We’ll tell you a secret: nearly every web services provider sizes prospective clients up before creating an estimate. Experienced firms know that prospective clients who seem organized, decisive, and savvy, up-front, are more likely to see their projects run on time and on budget—clients like this get better pricing. Similarly, prospective clients who seem unfocused, unfamiliar with the work to be done, and in need of a more hands-on approach, are identified as ones who will require a bit more time—these clients are charged more.
This isn’t price discrimination, though it may seem that way at first—it represents your provider’s earnest attempt to assess how much effort your project will really take in order to complete. There’s good news: by developing a few habits that will identify you as “easy” to work with, you will be in better control of your own project timeline, and of keeping project costs down.
Do Your Homework. Providers don’t expect clients to drive a project, but they are looking for signals that the client is taking the effort seriously and will make the project a priority. At early meetings, this means being able to articulate your vision and project goals. At later meetings, this means doing the pre-work required to make the meeting as productive as possible. Providers assume that clients who are serially unprepared will put them on the hook to not only do their own part, but also to help the client do theirs. Conversely, providers who seem proactive and engaged instill confidence that both parties are equal partners in moving things along.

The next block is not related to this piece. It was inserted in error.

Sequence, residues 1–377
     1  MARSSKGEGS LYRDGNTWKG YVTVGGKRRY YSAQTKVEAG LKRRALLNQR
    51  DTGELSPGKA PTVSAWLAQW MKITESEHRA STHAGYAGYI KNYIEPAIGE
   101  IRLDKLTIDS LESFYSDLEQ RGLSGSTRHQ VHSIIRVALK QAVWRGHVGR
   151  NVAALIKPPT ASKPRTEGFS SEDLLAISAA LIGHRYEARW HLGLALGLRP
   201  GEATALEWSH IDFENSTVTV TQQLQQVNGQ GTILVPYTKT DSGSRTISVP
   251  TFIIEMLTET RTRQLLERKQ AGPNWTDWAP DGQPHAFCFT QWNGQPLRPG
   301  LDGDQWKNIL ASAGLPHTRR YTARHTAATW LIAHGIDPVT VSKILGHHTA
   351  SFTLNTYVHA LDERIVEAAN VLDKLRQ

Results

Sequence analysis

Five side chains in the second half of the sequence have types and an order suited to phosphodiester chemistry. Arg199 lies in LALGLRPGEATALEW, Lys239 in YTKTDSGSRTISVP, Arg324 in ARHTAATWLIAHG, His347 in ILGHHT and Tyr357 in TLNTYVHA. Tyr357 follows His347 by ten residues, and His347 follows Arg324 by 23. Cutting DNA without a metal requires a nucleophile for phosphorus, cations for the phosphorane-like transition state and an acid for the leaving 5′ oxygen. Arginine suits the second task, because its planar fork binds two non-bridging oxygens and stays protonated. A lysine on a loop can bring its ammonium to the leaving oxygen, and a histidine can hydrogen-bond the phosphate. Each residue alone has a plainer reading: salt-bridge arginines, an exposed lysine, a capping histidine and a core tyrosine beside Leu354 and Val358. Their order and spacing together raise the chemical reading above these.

Know Your Role and Understand Your Deliverables. Even when service provider expertise is critical to project success, what they aspire to achieve depends on the caliber of input and clarity you can provide. In that sense, some projects go awry because clients fail to realize how critical they are to the process. In order to fully support a project, clients must understand the role the service provider feels they need to play in order to make the project successful. Clients and service providers should also discuss the set of client deliverables prior to the project start.
Be Responsive. Often, clients who are overbusy and overwhelmed with competing priorities unintentionally cause project timelines to go off track when they are unavailable to promptly answer critical questions, or give timely feedback on project milestones. An up-front discussion with your provider about how long you will need to provide responses and feedback will help establish an expectation that your provider can build into his project plan, and that you can aspire to meet.